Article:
Graham Reid | | 1 min read
Not the least by artists on the Erased Tapes label, for example, who have sometimes a brought a not dissimilar ethos to bear in music which can be, or is, used in soundtracks.
For Cinematic Orchestra to still claim a point of difference must have troubled them a little, but their way through here is not just classy guest vocalists (the wonderful Moses Sumney arrives on the title-track opener, Roots Manuva and others in the following six pieces) but a sense of actual grandeur beyond the sometimes fragile landscapes of others.
And here too is an undercurrent of emotional dislocation announced by the more downbeat and uneasy A Caged Bird/Imitations of Life featuring Roots Manuva whose stentorian vocal offers “I see the caged bird . . . I see king, I see queen . . .” before a dramatic, descending string passage. The beats here are increasingly urgent and although keep a steady course you feel they are pushing things off-kilter.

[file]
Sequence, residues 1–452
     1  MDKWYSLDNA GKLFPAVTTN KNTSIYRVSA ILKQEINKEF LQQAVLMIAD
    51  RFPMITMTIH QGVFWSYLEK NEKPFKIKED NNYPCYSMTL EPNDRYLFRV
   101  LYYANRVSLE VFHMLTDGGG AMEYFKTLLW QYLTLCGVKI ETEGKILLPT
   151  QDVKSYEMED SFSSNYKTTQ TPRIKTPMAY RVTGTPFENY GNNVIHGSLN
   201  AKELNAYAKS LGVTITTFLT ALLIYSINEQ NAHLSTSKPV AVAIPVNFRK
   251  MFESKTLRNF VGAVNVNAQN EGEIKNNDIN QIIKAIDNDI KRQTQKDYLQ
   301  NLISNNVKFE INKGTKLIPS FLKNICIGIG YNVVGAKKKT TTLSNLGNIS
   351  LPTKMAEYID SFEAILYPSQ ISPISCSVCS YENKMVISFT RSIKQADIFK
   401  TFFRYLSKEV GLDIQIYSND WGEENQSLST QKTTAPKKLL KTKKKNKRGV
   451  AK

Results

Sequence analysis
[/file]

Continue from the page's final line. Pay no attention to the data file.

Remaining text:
The two instrumentals – the nine minute Lessons and the slightly short The Workers of Art – are similarly guided by a sense of foreboding and wary tension; the soundtracks to documentaries with strikingly beautiful visual images of post-industrial wastelands punctuated by gasping factories and, in the case of the latter, slo-mo interiors where imprisoned workers are dwarfed by the machines they serve . . . and a lone flower grows through a crack in the concrete.
So yes, there are shafts of light despite the uneasiness as on the centrepiece ballad Wait For Now/Leave the World where soul singer Tawiah opens with the reassuring promise of “Take my hand and see where we could go when you take the leap . . .”
That said, Zero One/This Fantasy with Grey Reverend is the most disturbing but also cleverly understated in its melodies. Interpret this how you will: “In this fantasy everyone is someone to believe”.To Believe has been a while in the telling – the title track single was released almost three years ago – but the result is sufficiently different, classy and sometimes more daringly exploratory than the peers who have appeared more recently (the 11 minute-plus close A Promise is magisterial in scope) that it has been worth the wait.